Here’s evidence of private funds backing adult stem cell therapy.
Dr. James Willerson will lead a team investigating a special technique to isolate a special population of bone marrow stem cells. The stem cells will be used to attempt to increase the circulation in the legs of patients with “Critical Limb Ischemia,” or very low blood flow to the legs.
DURHAM, N.C., Dec. 15 /PRNewswire/ — Aldagen, Inc. today announced that the Texas Heart Institute at St. Luke’s Episcopal Hospital in Houston, Texas will be the first site for its clinical trial using Aldagen’s ALDESORT(R) product to isolate a unique stem cell population as therapy for critical limb ischemia (CLI) patients. The co-lead investigators at Texas Heart Institute on the study will be Dr. Emerson Perin and Dr. James Willerson.
“We are very excited to begin this study as it represents the first clinical study in the United States to use purified stem cells for the treatment of critical limb ischemia. We believe that these cells have the potential to offer CLI patients a new therapeutic option,” said Drs. Willerson and Perin. Dr. James Willerson is president-elect and medical director of the Texas Heart Institute at St. Luke’s and President of The University of Texas Health Sciences Center at Houston. Dr. Perin is director of New Cardiovascular Interventional Technology and director of the Stem Cell Center at the Texas Heart Institute at St. Luke’s.
About the Study
Aldagen’s clinical trial will involve 20 patients, all of which will have bone marrow extracted. Ten patients will receive multiple injections of the bone marrow directly into muscle in the ischemic leg and ten patients will receive multiple injections of stem cells isolated from the bone marrow using Aldagen’s ALDESORT product. The patients will be monitored for up to six months with a primary endpoint at three months. Endpoints will include safety and the ability of therapy to reduce rest pain, increase skin surface oxygen pressure and improve ulcer healing.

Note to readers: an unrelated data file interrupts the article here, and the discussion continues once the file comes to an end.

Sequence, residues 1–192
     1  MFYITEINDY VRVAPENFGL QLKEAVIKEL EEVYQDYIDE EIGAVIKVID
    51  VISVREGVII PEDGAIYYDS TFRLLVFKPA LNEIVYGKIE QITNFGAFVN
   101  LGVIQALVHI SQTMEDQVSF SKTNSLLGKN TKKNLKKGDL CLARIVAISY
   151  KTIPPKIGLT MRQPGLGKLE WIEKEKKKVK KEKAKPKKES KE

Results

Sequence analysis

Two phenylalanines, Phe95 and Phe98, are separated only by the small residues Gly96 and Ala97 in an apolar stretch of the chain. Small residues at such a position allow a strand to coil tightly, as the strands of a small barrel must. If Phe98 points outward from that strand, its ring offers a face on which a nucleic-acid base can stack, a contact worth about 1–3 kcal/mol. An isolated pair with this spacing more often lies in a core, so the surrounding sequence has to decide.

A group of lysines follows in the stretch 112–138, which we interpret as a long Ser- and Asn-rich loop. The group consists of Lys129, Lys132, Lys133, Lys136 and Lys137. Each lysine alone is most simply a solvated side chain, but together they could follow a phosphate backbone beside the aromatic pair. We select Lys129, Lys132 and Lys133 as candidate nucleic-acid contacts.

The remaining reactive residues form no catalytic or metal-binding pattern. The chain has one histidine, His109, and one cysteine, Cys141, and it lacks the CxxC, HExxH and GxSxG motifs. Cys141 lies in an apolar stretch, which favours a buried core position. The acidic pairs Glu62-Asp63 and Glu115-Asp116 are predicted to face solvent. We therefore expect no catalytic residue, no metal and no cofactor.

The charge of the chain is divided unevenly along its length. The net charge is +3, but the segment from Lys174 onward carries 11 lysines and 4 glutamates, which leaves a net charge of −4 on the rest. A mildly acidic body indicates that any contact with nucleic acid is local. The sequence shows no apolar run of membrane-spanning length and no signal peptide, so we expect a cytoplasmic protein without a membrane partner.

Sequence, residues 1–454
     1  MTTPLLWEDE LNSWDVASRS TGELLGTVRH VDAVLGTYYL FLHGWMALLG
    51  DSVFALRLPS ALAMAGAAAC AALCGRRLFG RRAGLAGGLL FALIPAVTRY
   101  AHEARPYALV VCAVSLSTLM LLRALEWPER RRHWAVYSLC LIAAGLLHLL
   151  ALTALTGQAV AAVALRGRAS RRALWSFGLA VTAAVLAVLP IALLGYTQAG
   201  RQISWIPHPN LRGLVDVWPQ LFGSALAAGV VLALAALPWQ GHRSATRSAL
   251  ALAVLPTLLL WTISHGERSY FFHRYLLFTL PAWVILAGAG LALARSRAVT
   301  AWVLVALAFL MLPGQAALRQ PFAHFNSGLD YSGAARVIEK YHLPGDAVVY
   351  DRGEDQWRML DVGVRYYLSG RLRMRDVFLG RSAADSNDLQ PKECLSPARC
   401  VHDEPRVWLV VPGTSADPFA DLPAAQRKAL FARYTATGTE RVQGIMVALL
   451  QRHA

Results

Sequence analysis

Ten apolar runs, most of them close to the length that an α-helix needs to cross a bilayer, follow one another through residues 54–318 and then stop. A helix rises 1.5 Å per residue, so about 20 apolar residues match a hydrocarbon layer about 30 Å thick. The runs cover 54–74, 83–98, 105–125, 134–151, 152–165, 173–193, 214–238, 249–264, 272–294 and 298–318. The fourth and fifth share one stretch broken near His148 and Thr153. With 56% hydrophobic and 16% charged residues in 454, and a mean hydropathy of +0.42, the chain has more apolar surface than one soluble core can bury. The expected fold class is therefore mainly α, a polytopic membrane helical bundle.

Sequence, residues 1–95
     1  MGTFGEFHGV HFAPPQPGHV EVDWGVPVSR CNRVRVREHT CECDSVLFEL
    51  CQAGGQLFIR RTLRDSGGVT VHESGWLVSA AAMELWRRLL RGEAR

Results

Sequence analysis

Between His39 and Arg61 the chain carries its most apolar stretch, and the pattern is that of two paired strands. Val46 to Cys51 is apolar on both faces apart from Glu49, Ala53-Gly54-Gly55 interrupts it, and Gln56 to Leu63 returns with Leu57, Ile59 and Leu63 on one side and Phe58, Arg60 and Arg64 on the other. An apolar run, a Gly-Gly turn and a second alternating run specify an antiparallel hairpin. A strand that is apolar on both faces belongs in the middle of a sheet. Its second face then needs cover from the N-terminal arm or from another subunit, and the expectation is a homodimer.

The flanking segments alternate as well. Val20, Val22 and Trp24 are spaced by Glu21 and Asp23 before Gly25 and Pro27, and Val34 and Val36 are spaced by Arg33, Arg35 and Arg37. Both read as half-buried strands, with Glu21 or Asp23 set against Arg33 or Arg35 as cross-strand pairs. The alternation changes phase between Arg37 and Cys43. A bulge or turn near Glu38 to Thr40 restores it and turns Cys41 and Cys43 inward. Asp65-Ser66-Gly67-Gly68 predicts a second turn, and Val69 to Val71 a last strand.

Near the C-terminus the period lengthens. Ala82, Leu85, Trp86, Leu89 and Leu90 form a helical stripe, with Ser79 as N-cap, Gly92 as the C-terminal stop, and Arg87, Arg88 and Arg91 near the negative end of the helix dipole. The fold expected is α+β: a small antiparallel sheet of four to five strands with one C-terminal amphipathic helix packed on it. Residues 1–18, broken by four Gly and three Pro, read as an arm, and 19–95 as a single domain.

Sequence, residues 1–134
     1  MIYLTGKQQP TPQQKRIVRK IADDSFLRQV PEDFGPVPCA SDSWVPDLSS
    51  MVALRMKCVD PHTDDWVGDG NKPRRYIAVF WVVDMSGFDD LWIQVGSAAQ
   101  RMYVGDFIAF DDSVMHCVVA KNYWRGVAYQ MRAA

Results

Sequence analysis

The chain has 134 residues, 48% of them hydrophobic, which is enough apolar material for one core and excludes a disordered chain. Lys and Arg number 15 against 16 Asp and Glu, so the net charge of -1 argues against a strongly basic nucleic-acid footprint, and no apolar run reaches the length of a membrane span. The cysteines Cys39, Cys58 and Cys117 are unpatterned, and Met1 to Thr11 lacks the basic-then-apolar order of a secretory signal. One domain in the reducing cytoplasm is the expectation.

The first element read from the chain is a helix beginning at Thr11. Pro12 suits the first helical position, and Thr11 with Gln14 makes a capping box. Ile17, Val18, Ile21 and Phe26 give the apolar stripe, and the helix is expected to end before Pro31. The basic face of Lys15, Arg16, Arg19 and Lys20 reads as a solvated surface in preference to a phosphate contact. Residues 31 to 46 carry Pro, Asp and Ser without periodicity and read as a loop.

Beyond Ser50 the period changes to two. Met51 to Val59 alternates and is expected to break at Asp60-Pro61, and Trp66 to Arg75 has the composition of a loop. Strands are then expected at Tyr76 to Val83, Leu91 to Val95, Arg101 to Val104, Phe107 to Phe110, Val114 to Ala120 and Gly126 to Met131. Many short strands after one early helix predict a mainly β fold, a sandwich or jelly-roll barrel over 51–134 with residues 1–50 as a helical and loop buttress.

ALDESORT isolates a highly potent population of stem cells taken from the patient’s own bone marrow. These stem cells have the potential to build new blood vessels (angiogenesis) in ischemic legs which could ultimately lead to improved functionality for CLI patients.
For more information on the study, call the Texas Heart Institute’s Stem Cell Center at 832-355-9404, visit online at http://www.texasheart.org/stemcell or e-mail directly to firstname.lastname@example.org.
About Critical Limb Ischemia
Critical limb ischemia is a severe form of peripheral vascular disease (PVD). It is estimated that between eight to 12 million Americans suffer from PVD, which is a disease of the blood vessels characterized by narrowing and hardening of the arteries that supply the legs and feet. This causes a decrease in blood flow that can injure nerves and other tissues. CLI can lead to gangrene or tissue death, often necessitating amputation of the affected limb. Currently, there are no suitable alternatives to either percutaneous or surgical revascularization in patients with CLI. Despite some success of limb salvage with leg bypass, the condition remains associated with a substantial rate of morbidity and mortality and the need for subsequent surgery and hospitalization for wound complications is as high as 50%. There is a pressing need for the development of techniques to improve the vascular supply to ischemic leg by less invasive means.
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